And yet, what an interesting opportunity. So often, all we do is preach to the choir. So often all we ever hear is positive feedback from those who already agree with us. Had I made this video or not, there would have remained plenty of ignorant people on the internet, plenty of people with underdeveloped, fuzzy, or even incorrect theologies. With a video that angers people to respond—even if that response is a bit inappropriate—there is an opportunity for dialogue. I have responded to many of my accusers and have clarified my words. I’ve listened to their complaints and have attempted to speak to their experience. Have I changed the world? Hardly. At times, I was not as charitable as I would have liked to have been. But some connections were made. Some people began to see things a bit differently, to grow in understanding.

And ultimately, wasn’t that the point of the video in the first place?

Fundamentalist Christians don’t have a lot of nice things to say about Catholics. According to them, we know nothing of the Bible, create false doctrines, are wolves in sheep’s clothing while being the embodiment of whore of Babylon, run a secret society in league with the Free Masons and Satanists, and of course, we’re idolaters.

Pretty impressive résumé if you ask me.

Sadly, we cannot take credit for any of these things as they live more in the imaginations and misconceptions of our literalist and pre-critical brothers and sisters in Christ. They are based on misinformation, fear, and downright disdain, rather than the facts, and serve to galvanize their own people against a common enemy.

And it’s effective. Surely, it is. When you can look to a popular and successful entity and explain away their success by undermining their credibility, one can feel much better about their own efforts. When there is someone to blame for the problems of the world (especially when that someone is incredibly influential and ever-present) responsibility for such evil is greatly lessoned. What can we really do when they are doing so much evil?

Of course, we are not their enemy. As brothers and sister in Christ, we may have a different approach to some things, but we are still one in baptism and so one in the Lord. We are not their enemy.

In this week’s Catholicism in Focus, I look at one of the greatest points of conflict between fundamentalists and Catholics, the use of images in worship. Largely the result of major misconceptions, I hope to shed light on what we really believe in order to show our critics that we are on the same team, that this is not the first time we have faced this issue, and the Church has answered it clearly.

For more information on the topic of supposed idolatry in Christianity, the name of this criticism is called “Iconoclasm” and it was addressed in the Second Ecumenical Council of Nicaea in 787.

According to the Catechism of the Catholic Church, sin is “an offense against reason, truth, and right conscience; it is failure in genuine love for God and neighbor caused by a perverse attachment to certain goods. It wounds the nature of man and injures human solidarity. It has been defined as ‘an utterance, a deed, or a desire contrary to the eternal law.'”

And as far as definitions go, that’s great, very clear. Except…

All are sins the same? When is something a sin and when is it not? Are there exceptions? Are we always responsible for sin?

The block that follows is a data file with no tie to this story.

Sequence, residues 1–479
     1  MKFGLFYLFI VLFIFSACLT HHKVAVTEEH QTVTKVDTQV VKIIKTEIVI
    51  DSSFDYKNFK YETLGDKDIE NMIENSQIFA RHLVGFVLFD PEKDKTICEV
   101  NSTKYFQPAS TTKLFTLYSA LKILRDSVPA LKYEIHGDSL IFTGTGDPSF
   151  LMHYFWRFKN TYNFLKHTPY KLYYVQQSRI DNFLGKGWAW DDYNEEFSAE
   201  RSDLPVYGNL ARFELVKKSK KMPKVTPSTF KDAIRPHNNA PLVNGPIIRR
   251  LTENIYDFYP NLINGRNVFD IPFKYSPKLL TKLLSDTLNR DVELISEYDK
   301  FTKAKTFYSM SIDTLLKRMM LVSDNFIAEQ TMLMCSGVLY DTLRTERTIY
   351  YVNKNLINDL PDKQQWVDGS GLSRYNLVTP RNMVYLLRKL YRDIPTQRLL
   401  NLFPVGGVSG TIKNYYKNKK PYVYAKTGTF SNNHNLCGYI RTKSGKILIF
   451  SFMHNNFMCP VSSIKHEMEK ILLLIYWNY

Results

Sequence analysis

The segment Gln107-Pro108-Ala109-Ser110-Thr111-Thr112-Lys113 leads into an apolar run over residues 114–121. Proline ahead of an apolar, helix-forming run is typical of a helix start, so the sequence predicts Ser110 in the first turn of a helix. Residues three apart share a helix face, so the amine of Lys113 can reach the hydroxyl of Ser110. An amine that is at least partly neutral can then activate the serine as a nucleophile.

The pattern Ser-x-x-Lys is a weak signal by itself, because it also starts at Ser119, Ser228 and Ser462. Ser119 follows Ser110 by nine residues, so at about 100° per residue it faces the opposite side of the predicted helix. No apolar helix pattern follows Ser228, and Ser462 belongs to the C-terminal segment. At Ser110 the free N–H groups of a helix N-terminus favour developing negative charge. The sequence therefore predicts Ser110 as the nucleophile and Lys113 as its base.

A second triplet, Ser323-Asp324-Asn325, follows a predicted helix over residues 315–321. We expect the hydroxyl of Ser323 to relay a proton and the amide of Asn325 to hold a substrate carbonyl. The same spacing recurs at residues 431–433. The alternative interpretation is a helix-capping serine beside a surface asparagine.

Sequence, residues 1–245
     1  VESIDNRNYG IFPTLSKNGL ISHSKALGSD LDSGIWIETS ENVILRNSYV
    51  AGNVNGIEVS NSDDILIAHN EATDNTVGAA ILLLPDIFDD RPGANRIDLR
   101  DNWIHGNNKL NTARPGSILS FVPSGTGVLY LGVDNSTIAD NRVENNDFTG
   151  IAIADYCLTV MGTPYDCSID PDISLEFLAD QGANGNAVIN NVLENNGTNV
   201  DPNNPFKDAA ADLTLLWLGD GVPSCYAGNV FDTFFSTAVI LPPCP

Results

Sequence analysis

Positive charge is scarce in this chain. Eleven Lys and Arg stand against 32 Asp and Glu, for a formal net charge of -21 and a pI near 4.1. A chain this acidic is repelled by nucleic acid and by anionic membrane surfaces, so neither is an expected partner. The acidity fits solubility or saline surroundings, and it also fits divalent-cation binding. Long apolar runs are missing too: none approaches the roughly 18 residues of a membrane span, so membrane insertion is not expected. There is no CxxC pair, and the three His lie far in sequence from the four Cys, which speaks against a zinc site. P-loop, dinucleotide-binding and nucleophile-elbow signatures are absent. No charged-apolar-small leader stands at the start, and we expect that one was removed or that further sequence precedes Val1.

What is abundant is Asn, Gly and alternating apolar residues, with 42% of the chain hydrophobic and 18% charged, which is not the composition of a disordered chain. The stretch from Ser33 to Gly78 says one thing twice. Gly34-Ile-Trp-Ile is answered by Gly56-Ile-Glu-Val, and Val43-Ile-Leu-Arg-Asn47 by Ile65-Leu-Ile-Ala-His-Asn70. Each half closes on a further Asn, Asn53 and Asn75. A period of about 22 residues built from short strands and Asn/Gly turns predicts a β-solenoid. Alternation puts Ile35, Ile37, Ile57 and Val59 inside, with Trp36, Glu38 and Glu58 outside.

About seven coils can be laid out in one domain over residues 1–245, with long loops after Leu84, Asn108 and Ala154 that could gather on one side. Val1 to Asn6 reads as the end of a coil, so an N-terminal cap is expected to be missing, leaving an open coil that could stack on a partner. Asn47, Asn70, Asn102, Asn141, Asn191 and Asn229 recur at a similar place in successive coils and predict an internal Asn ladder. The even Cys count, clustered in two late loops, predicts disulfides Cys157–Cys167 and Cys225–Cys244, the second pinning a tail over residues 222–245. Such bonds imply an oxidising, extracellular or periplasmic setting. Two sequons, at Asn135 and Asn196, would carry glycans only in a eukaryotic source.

The fact of the matter is that sin is a very murky subject, filled with ambiguity and requiring much critical thought. In this video, I look at what the Church says about the morality of human acts in article 4 of the Catechism’s chapter on the Dignity of the Human Person. According to the Church, there are actually three factors that go into the evaluation of morality: object, intention, and circumstances.

What was the first sin? Not what was the first act (eating of the fruit), but why was the first sin a sin and what did it do?

While it might seem like an easy question, there are a number of ways of looking at it. Some might see it as an act of disobedience against God, that humanity sinned in breaking God’s law. Others might see it as a poor use of the intellect, that it was the act of choosing something that was not pure and true, turning away from the source of Truth. Others, still, might see it as an act that affected future generations, breaking down the ways of a perfect society to create a world of injustice. All of these things are true, and yet they reveal a different operative theology.

This week on Catholicism in Focus, I look at the work of Justo Gonzalez, Roger Schroeder, and Steve Bevans, theologians that suggest that there are three types of theology for which all theologians generally conform. These types identify how we may begin the theological process from a different assumptions and values, and how this leads us to a different conclusion.

Take, for instance, the role of evangelization. What is mission and why should we engage in it? For those of Type A (sin as disobedience), the outside world is depraved and without the light of Christ, so we must save souls by informing them of what they do not know, namely, that Christ saves. For Type B (sin is untruth), the truth of Christ can be found everywhere and so we must ask questions, engaging in mutual discovery with all of creation. For Type C (sin as social disorder), the kingdom in which we live is far from the Kingdom of Heaven and we must undertake the process of bringing, proclaimed and lived by Jesus, of reconciliation and justice.

Are all three of these answers capture an important aspect of our theology. All three of these answers have defined our mission theology for centuries. And yet, all three of these answers end up at a completely different place with widely divergent expectations.

And for me, that is not only fascinating, but encouraging. When we think of Catholic theology, we must fight the temptation to think of it as a singular relation of answers and open ourselves up to the true meaning of “catholic”: we are a universal Church. When we look to the full history of our Church, we see that we consist rather of Catholic theologies, many perspectives that offer a deeper, more universal take on God and our reality.